# 06 Jul, 2019 06:38
No problem, Hayden. I neglected to post a link to the Steve Richards book: https://www.firstlightoptics.com/books/making-every-photon-count-steve-richards.html|
If I have done my sums correctly the EQ5 mount is roughly two-thirds more expensive in New Zealand than it is in the UK (and the UK is not cheap); the ED80 is about three-quarters more! Sometimes, I buy equipment from the USA. For anything more than a trivial sum, I get charged 'Value Added Tax' (sales tax) of 20% (this levy is added also to the shipping fees); then I get charged a 'Customs Duty' which varies depending on the type of good, but will typically add another 2-3% (or more). Royal Mail will also apply a 'handling charge' for administering this system.
Since one's income has already been subject to taxation, one cannot help but sit back and admire the scheme: it makes Al Capone's 'Protection Racket' look amateurish by comparison. I have no idea, of course, whether the 'services' provided by Capone were any more or less efficient/effective than those provided by our modern-day masters.
As far as I can tell, your NZ chaps run a similar (though slightly less costly) racket. Would I be right in thinking that your sales tax is 15% and your 'Duty' would be around 1.67% for a telescope (WTO rules)? Depending on the item, it still makes sense for me to import some items from the US. With the premium you report in NZ, it still might make sense for you to import. You are considerably closer to China than we are in the UK!
There are websites that allow you to calculate in advance what your costs will be. I found the above information on a site called 'Simply Duty'.
# 06 Jul, 2019 08:18
Huh, yeah! looking a bit deeper into it you may be right. Yeah that would be correct, the sales tax is 15%. Ill keep on scanning around, see what I can find and figure out what the duty calculators say. Thanks for bring that into the light! Might just be a life saver!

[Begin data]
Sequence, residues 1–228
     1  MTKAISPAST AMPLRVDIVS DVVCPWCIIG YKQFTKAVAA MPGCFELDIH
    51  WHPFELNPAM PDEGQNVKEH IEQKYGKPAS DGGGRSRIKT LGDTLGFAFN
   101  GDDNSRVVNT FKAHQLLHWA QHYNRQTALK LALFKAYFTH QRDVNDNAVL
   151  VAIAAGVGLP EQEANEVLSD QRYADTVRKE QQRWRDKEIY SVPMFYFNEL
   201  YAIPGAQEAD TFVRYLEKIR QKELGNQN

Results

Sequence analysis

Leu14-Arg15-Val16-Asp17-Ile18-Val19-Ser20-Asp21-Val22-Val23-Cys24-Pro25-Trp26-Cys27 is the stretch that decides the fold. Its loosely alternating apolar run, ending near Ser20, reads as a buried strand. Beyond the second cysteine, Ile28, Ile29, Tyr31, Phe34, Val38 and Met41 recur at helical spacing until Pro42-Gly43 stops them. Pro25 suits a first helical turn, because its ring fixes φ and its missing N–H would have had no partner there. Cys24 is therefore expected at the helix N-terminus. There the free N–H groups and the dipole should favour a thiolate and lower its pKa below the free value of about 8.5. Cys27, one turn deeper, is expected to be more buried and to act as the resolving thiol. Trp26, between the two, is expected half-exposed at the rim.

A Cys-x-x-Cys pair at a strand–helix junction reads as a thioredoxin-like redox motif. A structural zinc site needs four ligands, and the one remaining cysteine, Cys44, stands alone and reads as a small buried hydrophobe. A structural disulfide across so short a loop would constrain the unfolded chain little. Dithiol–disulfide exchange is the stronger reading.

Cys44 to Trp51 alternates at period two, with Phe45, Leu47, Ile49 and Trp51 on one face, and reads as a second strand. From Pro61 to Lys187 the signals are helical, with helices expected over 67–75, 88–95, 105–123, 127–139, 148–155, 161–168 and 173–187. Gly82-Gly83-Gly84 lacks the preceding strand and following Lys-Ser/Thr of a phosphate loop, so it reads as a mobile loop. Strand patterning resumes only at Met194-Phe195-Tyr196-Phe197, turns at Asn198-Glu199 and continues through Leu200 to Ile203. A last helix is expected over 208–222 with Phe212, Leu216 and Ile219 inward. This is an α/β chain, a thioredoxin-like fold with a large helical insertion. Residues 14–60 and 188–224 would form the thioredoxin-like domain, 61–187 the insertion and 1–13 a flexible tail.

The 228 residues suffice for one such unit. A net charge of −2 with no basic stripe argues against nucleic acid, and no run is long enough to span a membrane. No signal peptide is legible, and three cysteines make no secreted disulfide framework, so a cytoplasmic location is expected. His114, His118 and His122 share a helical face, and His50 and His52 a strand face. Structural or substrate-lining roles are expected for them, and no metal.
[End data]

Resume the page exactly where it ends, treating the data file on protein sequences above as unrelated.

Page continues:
# 06 Jul, 2019 08:30
|'Lifesaver' might be overdoing things a little And don't worry - they are going to get you in the end. Do you pay sales tax on 'used' items, I wonder?|
# 06 Jul, 2019 09:01
Yeah I sure they will . Looking through some customs documents, from what I can see under "Binoculars, monoculars, telescopes and other astronomical instruments" seems to say Rate of Duty is free. Even using customsdutyfree.com/duty-calculator it says the same thing. I could be wrong but it looks like the only charges are Entry Levy and Import Entry fees (and 15% tax rate). Imports could be the way to go . Now I just need to compare import prices to local store prices and see the results…
# 06 Jul, 2019 15:08
actually I have both CEM25 and EQ5, so I think I can suggest you well.
The CEM25 is absolutely better. Balancing it is terrific (its axis seem suspended in the void, while the EQ5 is always somehow stucked, in comparison), but when you have done it, I suggest you to mark the position of vixen bar and counterweights to easily replicate the balancing in few seconds.
My setup weights about 10kgs and I can take 30mins subframes at 580mm with a TS APO 100Q and a 50/160mm guide telescope.
It is even easier to set because of its GPS module included.
I use my EQ5 just to mount photo lenses (I can take 30mins subframes with both a Canon 200mm f2.8 and an old Nikon 400mm f2.8 which weights 8kgs), but I'm not sure I'll use it with the 100Q.
About the telescope, you have to make a choice: galaxies are very little so you need long focal lenght, nebulae are much larger and, unless you want to pass your lifetime taking mosaic's panels, you should consider shorter telescopes.
My friendly suggestion, if you're choosing nebulae, is to consider a petzval quadruplet refractor (built in field corrector and absolute APO performance). I know they're not so cheap, but there is no issue on correctors, distances to respect between sensor and corrector and so on. If you can't afford it, then choose an APO triplet. You should't consider ED doublet such as the ED80 Black Diamond you mentioned. Their performances are not comparable and you risk to have enormous big balls instead of stars.
A great Peztval short telescope I'm hearing about is the Tecnosky AG70, a.k.a. TS APO 71Q (70/350mm f5) https://www.teleskop-express.de/shop/product_info.php/language/en/info/p7085_TS-Optics-TSQ-71ED---71-mm-f-4-9-Quadruplet-Flatfield-Refraktor-mit-FPL53-Triplet-Objektiv.html
# 06 Jul, 2019 23:48
Alessio ParianiHey Alessio!
Awesome to hear! I am still highly considering the CEM25P. One question though, when you say your setup is 10kg, is that including counter-weights and all? Its just when comparing the specifications of the EQ5 and CEM25P, the EQ5 says just over 9kg and the Ioptron says just over 12kg - Excluding counter-weights. Does the specs for the EQ5 adjust for counter-weights or is the CEM25P simply a higher payload capacity?